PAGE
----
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New York Stationery Show Report

Eco-friendly products were dominant.

by Ellie Joos (June 2, 2008)

The handwriting was on the wall, or rather on the paper, at the New York Stationery show: Eco, Environmental, Green products were the big story at this show. From Elephant Poo paper, greeting cards, and journals (that's right, paper made from elephant poo (www.poopoopaper.com) and (www.mrelliepooh.com) to paper made from used, shredded cotton clothing (www.archpaper.net), and paper made from calcium carbonate CaCO3, the main constituent of stone (www.cacooopaper.com), the number of new, earth-friendly products increased significantly since last year's show.

Many card and paper lines were proudly featuring their recycled paper lines, often printed with non-toxic soy inks. In addition, shades of green, natural tones, and print and pattern motifs taken from nature were also important. Plantable cards, gift tags, bags that bloom (www.giftsthatbloom.com), wine "neckers," and paper products with flower seeds embedded in them (www.greenfieldpaper.com) also increased in number, including the new Meant to Bee line from Cast Paper Art with flower seeds meant to attract honey bees to combat Colony Collapse Disorder. Peridot Paper (www.peridotpaper.com), exhibiting for the first time, launched their Gone Green packaging kits and are proud to employ the services of the Association for Retarded Citizens.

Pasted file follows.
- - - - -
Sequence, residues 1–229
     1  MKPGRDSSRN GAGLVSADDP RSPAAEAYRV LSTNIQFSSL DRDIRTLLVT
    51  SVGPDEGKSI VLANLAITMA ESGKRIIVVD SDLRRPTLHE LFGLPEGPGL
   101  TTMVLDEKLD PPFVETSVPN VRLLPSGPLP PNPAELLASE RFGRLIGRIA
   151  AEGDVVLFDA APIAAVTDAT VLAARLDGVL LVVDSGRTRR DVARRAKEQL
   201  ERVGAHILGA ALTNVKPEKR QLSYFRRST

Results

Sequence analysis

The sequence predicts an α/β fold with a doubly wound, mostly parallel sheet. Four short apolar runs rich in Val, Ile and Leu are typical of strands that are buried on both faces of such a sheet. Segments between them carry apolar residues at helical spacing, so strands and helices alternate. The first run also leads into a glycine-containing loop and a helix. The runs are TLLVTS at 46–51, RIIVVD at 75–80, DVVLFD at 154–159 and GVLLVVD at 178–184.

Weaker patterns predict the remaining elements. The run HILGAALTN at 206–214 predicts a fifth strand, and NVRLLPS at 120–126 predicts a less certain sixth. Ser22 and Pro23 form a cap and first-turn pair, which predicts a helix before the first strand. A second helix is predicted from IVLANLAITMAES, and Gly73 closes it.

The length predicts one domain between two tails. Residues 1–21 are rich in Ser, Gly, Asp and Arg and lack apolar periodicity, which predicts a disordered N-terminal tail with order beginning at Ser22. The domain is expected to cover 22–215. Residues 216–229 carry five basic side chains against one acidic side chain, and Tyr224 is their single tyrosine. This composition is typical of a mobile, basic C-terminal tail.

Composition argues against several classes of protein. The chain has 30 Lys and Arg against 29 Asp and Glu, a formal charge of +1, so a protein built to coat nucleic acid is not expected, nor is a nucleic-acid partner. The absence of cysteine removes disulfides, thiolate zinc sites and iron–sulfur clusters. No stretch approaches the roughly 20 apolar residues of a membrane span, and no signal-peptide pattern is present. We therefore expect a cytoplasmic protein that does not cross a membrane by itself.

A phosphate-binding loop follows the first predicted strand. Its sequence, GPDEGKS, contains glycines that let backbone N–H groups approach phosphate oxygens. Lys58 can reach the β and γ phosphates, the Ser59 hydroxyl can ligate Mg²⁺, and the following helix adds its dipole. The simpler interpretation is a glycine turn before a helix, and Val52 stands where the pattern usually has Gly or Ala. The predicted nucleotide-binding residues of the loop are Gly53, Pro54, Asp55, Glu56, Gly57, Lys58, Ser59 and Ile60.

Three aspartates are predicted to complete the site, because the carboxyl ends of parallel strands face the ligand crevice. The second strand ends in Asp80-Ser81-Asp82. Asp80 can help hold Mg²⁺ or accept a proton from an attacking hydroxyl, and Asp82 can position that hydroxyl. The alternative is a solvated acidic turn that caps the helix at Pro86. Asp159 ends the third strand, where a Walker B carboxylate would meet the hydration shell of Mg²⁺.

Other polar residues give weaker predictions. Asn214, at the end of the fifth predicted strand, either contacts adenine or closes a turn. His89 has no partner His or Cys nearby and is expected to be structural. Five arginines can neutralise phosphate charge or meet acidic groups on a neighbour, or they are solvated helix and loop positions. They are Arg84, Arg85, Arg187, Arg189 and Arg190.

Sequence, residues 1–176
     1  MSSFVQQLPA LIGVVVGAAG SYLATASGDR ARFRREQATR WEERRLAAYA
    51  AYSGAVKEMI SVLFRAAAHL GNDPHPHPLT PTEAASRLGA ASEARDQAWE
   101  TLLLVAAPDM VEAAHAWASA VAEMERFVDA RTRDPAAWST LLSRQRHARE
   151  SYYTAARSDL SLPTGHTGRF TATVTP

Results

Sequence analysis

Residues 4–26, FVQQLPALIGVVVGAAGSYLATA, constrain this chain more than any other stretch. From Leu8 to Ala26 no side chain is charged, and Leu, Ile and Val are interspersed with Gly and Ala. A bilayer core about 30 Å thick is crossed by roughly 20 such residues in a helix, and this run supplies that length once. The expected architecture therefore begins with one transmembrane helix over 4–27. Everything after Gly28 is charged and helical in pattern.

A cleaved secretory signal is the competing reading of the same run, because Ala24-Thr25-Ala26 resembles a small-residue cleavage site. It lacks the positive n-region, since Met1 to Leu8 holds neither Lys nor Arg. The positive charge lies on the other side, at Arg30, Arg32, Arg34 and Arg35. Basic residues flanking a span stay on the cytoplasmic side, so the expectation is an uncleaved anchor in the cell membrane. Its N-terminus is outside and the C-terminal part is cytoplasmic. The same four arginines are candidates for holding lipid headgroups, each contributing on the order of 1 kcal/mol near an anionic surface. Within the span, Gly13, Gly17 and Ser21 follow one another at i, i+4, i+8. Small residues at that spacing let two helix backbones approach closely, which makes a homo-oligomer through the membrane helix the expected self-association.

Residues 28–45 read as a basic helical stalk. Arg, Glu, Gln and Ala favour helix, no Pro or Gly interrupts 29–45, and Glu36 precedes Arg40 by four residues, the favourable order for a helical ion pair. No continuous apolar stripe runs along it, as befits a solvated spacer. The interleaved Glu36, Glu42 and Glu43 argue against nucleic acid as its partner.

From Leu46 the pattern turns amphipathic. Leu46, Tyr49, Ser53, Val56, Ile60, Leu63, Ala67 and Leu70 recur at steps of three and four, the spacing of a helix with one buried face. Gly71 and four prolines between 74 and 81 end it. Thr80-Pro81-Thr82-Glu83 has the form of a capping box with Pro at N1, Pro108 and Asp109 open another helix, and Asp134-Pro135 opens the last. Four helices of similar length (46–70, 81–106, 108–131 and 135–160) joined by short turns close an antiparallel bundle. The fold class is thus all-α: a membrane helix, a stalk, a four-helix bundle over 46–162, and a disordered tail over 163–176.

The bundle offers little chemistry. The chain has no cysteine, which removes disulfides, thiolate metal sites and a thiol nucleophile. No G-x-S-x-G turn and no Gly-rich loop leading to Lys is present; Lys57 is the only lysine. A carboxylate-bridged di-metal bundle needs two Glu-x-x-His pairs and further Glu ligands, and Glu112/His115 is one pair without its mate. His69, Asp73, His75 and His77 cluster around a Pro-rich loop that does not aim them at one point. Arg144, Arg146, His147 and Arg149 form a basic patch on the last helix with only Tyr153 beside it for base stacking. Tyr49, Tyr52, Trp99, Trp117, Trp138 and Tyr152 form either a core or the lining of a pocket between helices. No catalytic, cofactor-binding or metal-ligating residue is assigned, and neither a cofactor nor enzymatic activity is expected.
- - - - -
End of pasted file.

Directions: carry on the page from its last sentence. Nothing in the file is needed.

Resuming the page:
As for overall trends, taking a cue from fashion colors, pretty bright colors – purples, yellow, pink, and blue, as well as chocolate brown with blue and pink – were strong. For Christmas, blue continues as an accent with red and green. Bold, artsy designs, strong retro influenced motifs, flowers, and geometric-inspired graphics looked fresh.

Great Arrow Graphics demonstrated the silkscreen process that makes their gorgeous bold card line so unique (www.greatarrow.com). From Fresh Frances, a great line of holiday cards, notebooks, and gift tags in quirky, 50's and vintage inspired designs (www.freshfrances.com). (This line made me think of last year's hit show Mad Men, about an advertising agency on Madison Avenue in the early 60's.)